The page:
Kulvinder Ghir is a cake-loving Bollywood prince in the Lyric's production of Dick Whittington and his Cat. The Goodness Gracious Me star tells ROBERT CUMBER how his first panto in almost a decade will also be the first time his children get to see him on stage
KULVINDER Ghir knew he was in for a challenge when he signed up to play a greedy Bollywood prince in this year's Lyric panto - in which he sings a version of the Slumdog Millionaire theme tune Jai Ho, with the words changed to 'Feed Me'.
But he hadn't reckoned on what would happen when he brought his nine-year-old daughter Ava along to rehearsals to introduce her to his first love, the theatre.
"She loves it and she's already decided she wants to be an actress but she's really strict about getting me to learn my lines and get the song right," he says.
"Panto's very important for young children, because it's often their first experience of the theatre, so it means a lot to be to be performing in front of Ava and Louis (his five-year-old son) here for the first time.
"Ava's seen me on TV a few times before but Louis has never seen me perform, so this will be an ideal occasion for him to see what his dad does - to see him being silly."
As you would expect with a Lyric panto, Dick Whittington and his Cat is an updated version of the classic tale in which the titular character comes to London seeking fame and fortune.
Dick is joined by Kulvinder's prince, feisty heroine Alice and panto dame Sarah the Cook as he battles to overcome the evil King Rat.
As well as the prince's take on Bollywood, the show features adapted versions of modern hits by the likes of Lady Gaga and Alicia Keys.
Kulvinder says of his character: "He just wants food all the time. He feels he needs it to keep his sexy figure and to maintain his royal status. There's a shipwreck on his island and he discovers these lovely pink cream cakes and wants more.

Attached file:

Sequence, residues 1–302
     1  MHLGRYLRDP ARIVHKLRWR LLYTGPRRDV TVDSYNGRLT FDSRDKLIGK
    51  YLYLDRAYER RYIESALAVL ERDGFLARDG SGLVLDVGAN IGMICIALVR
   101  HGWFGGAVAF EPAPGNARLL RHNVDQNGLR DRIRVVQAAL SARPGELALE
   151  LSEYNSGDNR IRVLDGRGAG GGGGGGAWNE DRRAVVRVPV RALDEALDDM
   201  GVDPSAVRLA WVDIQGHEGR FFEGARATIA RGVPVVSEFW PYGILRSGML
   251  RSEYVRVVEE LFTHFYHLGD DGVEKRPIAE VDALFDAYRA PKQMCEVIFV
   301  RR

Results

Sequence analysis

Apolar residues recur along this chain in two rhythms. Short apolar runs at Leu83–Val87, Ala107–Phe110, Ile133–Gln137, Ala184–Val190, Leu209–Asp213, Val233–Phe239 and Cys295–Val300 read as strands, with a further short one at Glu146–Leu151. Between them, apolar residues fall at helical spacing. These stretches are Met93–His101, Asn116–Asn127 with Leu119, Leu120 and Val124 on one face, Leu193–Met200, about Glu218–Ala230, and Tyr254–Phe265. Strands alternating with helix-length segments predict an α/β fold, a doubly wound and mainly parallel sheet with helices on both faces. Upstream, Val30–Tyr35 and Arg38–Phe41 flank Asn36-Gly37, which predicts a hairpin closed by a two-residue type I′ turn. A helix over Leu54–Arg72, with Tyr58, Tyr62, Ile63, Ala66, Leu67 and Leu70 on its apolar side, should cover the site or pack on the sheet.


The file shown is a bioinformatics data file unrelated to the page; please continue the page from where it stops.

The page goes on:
"Last year there were 40 Bollywood films made in the UK and there's a lot of eastern influence coming to the West."
Kulvinder was born in Kenya and came to England aged seven, spending a year in Hounslow before moving to Yorkshire, where he decided to become a performer after impressing his school pals with impressions of their teachers.
After entering a number of talent competitions he started doing the rounds of the local working men's clubs while still a teenager.
"They were quite surprised to see a 4ft 2in Asian guy doing impressions of Margaret Thatcher and Frank Spencer," he says.
"I've always enjoyed making people laugh. I knew how hard my mum was working when I was a kid and she was a big Jerry Lewis fan so I loved being able to do an impression of him and make her smile."
Kulvinder has since appeared in a host of comedy shows and dramas, including the Lyric's 2009 production of Terry Griffith's Comedians.
But he is best known for the series Goodness Gracious Me (GGM), which poked fun at Indian stereotypes, with sketches like the famous 'going for an English' proving a hit with people from all backgrounds.
Kulvinder is currently writing a screenplay about Indian soldiers during the First World War, which he hopes will hit screens in time for the 100th anniversary of the outbreak of fighting.
"About one-and-a-half million Indian soldiers came to fight for the British Empire during the war, and about 4,000 of those ended up in hospital in and around Brighton, which was the first significant Indian community in this country," he says.
"It's important to cement our stories, and those of our parents, from the past 40 years, because it empowers our community and asserts people's right to be British."
Kulvinder still hopes to reunite the GGM team, including Sanjeev Bhaskar, Meera Syal and Nina Wadia, for a new show, but says it is difficult for them all to find the time.
"The desire's there and I think it would be sad if it doesn't happen. There's always been talk of a
GGM film, especially now with Bollywood's growing popularity in the West," he says.